Sovereignty versus Europe
The Polish supreme court has raised a direct challenge to the supremacy of the Treaty of the European Union over the laws of member states. The Polish court grants the supremacy of European laws over national statutory law but denies supremacy over national constitutions on the ground that no member state agreed to forfeit its “sovereignty” by joining the EU. The Polish action drew an immediate rebuke from the European Commission, but reactions from politicians in member states have been anything but concordant.
In France, in particular, several of the Les Républicains contenders for the presidential nomination have been unable to resist the temptation to issue resonant paeans to French “sovereignty,” perhaps hoping to revive memories of Charles de Gaulle, exponent of the force de frappe and non-occupant of la chaise vide. For instance, Politico reports that
Xavier Bertrand, another presidential hopeful from the ranks of Les Républicains, has proposed amending the French constitution to introduce “a mechanism to safeguard the superior interests of France.” And yet another would-be president from the ranks of the same party, Eric Ciotti, has made a similar proposal.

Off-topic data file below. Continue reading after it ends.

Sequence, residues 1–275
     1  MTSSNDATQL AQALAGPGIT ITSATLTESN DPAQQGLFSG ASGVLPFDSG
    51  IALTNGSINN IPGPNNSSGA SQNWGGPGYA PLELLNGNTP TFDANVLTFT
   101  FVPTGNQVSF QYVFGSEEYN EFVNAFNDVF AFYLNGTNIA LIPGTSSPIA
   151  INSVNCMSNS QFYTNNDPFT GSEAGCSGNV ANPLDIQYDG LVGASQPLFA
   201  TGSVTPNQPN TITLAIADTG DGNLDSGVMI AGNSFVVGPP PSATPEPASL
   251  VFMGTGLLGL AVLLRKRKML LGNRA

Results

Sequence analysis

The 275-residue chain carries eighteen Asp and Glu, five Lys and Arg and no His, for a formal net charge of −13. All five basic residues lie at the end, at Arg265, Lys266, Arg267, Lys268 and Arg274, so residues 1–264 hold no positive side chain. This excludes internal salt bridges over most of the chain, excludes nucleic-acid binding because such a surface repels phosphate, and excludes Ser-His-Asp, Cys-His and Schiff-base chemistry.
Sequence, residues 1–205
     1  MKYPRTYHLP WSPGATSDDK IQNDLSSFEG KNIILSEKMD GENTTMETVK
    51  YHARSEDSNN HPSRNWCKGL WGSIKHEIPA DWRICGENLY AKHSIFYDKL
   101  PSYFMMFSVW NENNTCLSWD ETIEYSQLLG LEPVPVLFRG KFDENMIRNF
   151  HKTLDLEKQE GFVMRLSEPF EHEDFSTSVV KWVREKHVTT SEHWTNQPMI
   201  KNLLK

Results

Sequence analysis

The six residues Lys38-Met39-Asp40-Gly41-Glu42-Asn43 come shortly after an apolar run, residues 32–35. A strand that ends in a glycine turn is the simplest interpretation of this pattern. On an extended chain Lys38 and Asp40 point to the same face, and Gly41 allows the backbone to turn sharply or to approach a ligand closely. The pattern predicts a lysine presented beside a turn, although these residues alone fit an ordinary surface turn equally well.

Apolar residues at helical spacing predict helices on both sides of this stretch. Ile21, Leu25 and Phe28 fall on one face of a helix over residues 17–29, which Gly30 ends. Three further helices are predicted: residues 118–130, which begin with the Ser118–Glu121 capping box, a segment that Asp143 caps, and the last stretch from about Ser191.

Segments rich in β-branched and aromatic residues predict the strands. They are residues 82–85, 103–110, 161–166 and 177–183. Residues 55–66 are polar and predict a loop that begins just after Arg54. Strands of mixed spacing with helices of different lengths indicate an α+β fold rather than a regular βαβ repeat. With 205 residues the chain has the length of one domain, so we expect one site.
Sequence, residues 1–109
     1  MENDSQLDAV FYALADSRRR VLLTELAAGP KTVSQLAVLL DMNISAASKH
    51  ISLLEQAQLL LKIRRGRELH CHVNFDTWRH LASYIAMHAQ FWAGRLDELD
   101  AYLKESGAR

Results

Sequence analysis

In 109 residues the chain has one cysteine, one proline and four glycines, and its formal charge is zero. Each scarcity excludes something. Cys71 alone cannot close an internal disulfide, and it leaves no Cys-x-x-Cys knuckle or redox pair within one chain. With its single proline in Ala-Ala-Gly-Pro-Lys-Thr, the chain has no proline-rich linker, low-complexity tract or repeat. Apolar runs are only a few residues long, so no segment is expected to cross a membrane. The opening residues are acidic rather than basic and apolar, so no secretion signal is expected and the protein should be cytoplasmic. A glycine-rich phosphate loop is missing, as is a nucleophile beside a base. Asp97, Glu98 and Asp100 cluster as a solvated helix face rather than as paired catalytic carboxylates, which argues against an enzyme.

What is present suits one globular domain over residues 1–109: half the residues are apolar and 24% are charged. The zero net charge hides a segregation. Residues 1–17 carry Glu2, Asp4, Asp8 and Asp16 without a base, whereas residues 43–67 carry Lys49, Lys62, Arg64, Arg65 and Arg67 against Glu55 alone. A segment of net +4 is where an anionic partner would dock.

More surprisingly, perhaps, Michel Barnier, the EU’s Brexit negotiator and therefore putative defender of the primacy of the EU treaties, has joined the sovereignist bandwagon. So has Valérie Pécresse, who told CNews that
L’Europe exerce son magistère dans le cadre des traités qui sont au-dessus de nos lois mais ne peuvent pas être au-dessus de nos identités constitutionnelles, ni celle de la Pologne ni celle de la France.
On the left, Arnaud Montebourg, already well-known for his economic nationalism, has added his voice to the sovereignist chorus, stating that “la défense de la souveraineté nationale des États membres est fondamentale” but immediately confusing the issue (in characteristic fashion) by adding that he “n’approuve pas le gouvernement clérical et réactionnaire de la Pologne.”
To be sure, few French citizens have much understanding of the arcana of EU law, and people are more likely to respond to this robust plucking of the nationalist heartstring than to a discussion of the finer points of the Treaties of the European Union, which would no doubt smack of chicanery no matter which position it took. Ultimately, however, the EU must work toward greater clarity on this issue, or it will risk “two, three, many Polands” in the near future, as national governments or politicians find it expedient to declare their independence, however circumscribed, from the “ever closer Union” of which they claim to be members.
Photo Credits: Europe in 1923, by George Washington Bacon (1830-1921) (Public domain) via Wikimedia Commons.